"We took an unbiased approach and searched throughout the body for indicators of damage from sleep deprivation," says senior study author Dragana Rogulja, admitting, "We were surprised to find it was the gut that plays a key role in causing death." The accumulation occurred in both sleep-deprived fruit flies and mice.

"Even more surprising," Rogulja recalls, "we found that premature death could be prevented. Each morning, we would all gather around to look at the flies, with disbelief to be honest. What we saw is that every time we could neutralize ROS in the gut, we could rescue the flies." Fruit flies given any of 11 antioxidant compounds — including melatonin, lipoic acid and NAD — that neutralize ROS buildups remained active and lived a normal length of time in spite of sleep deprivation. (The researchers note that these antioxidants did not extend the lifespans of non-sleep deprived control subjects.)

fly with thought bubble that says "What? I'm awake!"

Image source: Tomasz Klejdysz/Shutterstock/Big Think

The experiments

The study's tests were managed by co-first authors Alexandra Vaccaro and Yosef Kaplan Dor, both research fellows at HMS.

You may wonder how you compel a fruit fly to sleep, or for that matter, how you keep one awake. The researchers ascertained that fruit flies doze off in response to being shaken, and thus were the control subjects induced to snooze in their individual, warmed tubes. Each subject occupied its own 29 °C (84F) tube.

For their sleepless cohort, fruit flies were genetically manipulated to express a heat-sensitive protein in specific neurons. These neurons are known to suppress sleep, and did so — the fruit flies' activity levels, or lack thereof, were tracked using infrared beams.

Starting at Day 10 of sleep deprivation, fruit flies began dying, with all of them dead by Day 20. Control flies lived up to 40 days.

The scientists sought out markers that would indicate cell damage in their sleepless subjects. They saw no difference in brain tissue and elsewhere between the well-rested and sleep-deprived fruit flies, with the exception of one fruit fly.

However, in the guts of sleep-deprived fruit flies was a massive accumulation of ROS, which peaked around Day 10. Says Vaccaro, "We found that sleep-deprived flies were dying at the same pace, every time, and when we looked at markers of cell damage and death, the one tissue that really stood out was the gut." She adds, "I remember when we did the first experiment, you could immediately tell under the microscope that there was a striking difference. That almost never happens in lab research."

The experiments were repeated with mice who were gently kept awake for five days. Again, ROS built up over time in their small and large intestines but nowhere else.

As noted above, the administering of antioxidants alleviated the effect of the ROS buildup. In addition, flies that were modified to overproduce gut antioxidant enzymes were found to be immune to the damaging effects of sleep deprivation.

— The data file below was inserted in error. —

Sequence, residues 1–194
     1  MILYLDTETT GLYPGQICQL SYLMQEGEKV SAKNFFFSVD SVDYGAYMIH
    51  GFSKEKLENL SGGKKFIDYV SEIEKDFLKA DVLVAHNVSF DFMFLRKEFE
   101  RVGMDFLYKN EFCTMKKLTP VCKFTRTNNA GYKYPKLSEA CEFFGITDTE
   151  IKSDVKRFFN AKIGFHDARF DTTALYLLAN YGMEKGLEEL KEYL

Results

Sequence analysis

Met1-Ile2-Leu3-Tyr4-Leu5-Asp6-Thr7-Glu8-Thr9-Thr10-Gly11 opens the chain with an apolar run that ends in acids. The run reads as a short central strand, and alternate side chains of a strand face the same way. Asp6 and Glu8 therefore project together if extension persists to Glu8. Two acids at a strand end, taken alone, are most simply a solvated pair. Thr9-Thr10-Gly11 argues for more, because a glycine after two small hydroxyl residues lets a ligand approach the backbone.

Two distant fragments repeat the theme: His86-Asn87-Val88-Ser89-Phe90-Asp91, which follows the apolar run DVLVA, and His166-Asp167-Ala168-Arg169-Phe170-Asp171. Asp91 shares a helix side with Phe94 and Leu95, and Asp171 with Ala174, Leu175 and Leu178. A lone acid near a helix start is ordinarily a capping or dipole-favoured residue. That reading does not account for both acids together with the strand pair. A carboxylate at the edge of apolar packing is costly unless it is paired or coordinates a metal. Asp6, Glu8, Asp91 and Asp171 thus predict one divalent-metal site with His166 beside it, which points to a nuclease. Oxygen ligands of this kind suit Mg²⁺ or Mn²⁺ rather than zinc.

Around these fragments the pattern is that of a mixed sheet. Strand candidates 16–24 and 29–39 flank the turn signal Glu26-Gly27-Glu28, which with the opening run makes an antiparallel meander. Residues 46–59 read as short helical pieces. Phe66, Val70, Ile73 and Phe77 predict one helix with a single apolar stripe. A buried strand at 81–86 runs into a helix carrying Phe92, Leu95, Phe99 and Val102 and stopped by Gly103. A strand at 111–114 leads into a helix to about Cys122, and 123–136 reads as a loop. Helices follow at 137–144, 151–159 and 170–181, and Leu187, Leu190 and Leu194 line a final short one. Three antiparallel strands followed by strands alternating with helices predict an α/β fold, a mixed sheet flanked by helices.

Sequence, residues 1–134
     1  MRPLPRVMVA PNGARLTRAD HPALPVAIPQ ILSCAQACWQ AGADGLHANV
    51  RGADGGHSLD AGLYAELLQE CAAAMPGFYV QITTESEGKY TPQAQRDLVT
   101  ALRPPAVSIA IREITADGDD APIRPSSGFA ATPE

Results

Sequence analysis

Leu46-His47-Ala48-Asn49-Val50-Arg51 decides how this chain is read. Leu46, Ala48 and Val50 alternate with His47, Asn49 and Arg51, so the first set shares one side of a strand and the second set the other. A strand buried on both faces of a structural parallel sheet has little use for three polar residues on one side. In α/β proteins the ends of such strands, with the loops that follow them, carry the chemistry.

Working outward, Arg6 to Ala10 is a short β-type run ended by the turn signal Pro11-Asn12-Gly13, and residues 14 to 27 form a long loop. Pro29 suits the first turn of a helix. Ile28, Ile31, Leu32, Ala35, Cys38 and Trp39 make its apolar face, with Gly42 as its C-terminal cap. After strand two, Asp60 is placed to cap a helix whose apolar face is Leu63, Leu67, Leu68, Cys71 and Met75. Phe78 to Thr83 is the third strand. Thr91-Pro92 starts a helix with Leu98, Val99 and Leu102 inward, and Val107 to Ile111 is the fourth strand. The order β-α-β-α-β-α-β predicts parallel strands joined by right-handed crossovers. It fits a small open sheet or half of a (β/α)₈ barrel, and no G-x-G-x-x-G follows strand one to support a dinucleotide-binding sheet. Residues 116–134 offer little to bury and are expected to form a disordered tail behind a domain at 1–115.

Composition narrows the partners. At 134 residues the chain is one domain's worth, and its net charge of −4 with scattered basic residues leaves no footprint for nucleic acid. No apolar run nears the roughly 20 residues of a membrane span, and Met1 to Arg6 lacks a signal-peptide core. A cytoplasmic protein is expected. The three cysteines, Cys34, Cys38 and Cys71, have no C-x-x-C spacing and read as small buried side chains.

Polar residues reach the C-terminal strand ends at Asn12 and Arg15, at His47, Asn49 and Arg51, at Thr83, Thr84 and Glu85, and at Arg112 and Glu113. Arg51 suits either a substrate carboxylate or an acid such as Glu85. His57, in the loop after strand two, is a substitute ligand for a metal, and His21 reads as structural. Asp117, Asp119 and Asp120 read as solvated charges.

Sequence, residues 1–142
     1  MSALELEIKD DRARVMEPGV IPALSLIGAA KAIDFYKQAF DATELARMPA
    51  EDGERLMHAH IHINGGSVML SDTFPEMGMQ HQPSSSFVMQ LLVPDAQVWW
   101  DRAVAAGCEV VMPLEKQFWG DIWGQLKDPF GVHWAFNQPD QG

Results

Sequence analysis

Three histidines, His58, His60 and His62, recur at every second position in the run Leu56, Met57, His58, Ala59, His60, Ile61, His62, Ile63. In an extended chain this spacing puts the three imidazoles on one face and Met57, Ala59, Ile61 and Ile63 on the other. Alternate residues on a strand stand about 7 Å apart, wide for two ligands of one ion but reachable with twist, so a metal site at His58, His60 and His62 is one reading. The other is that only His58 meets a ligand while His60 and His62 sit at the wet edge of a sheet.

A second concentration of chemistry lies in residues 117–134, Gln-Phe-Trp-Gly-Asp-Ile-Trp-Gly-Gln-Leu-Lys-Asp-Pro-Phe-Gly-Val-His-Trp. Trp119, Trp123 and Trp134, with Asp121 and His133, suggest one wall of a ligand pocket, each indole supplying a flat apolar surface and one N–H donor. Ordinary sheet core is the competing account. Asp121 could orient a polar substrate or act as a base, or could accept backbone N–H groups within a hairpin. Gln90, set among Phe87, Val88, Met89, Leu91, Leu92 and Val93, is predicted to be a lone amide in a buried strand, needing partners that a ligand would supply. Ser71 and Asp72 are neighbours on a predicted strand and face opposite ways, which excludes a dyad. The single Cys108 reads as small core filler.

The research leaves some important questions unanswered. Says Kaplan Dor, "We still don't know why sleep loss causes ROS accumulation in the gut, and why this is lethal." He hypothesizes, "Sleep deprivation could directly affect the gut, but the trigger may also originate in the brain. Similarly, death could be due to damage in the gut or because high levels of ROS have systemic effects, or some combination of these."

The HMS researchers are now investigating the chemical pathways by which sleep-deprivation triggers the ROS buildup, and the means by which the ROS wreak cell havoc.

"We need to understand the biology of how sleep deprivation damages the body so that we can find ways to prevent this harm," says Rogulja.

Referring to the value of this study to humans, she notes,"So many of us are chronically sleep deprived. Even if we know staying up late every night is bad, we still do it. We believe we've identified a central issue that, when eliminated, allows for survival without sleep, at least in fruit flies."

Four philosophers who realized they were completely wrong about things

Philosophers like to present their works as if everything before it was wrong. Sometimes, they even say they have ended the need for more philosophy. So, what happens when somebody realizes they were mistaken?

Sartre and Wittgenstein realize they were mistaken. (Getty Images)
Culture & Religion

Sometimes philosophers are wrong and admitting that you could be wrong is a big part of being a real philosopher. While most philosophers make minor adjustments to their arguments to correct for mistakes, others make large shifts in their thinking. Here, we have four philosophers who went back on what they said earlier in often radical ways. 

Keep reading Show less

Withdrawal symptoms from antidepressants can last over a year, new study finds

We must rethink the "chemical imbalance" theory of mental health.

Photo Illustration by Joe Raedle/Getty Images
Surprising Science
  • A new review found that withdrawal symptoms from antidepressants and antipsychotics can last for over a year.
  • Side effects from SSRIs, SNRIs, and antipsychotics last longer than benzodiazepines like Valium or Prozac.
  • The global antidepressant market is expected to reach $28.6 billion this year.
Keep reading Show less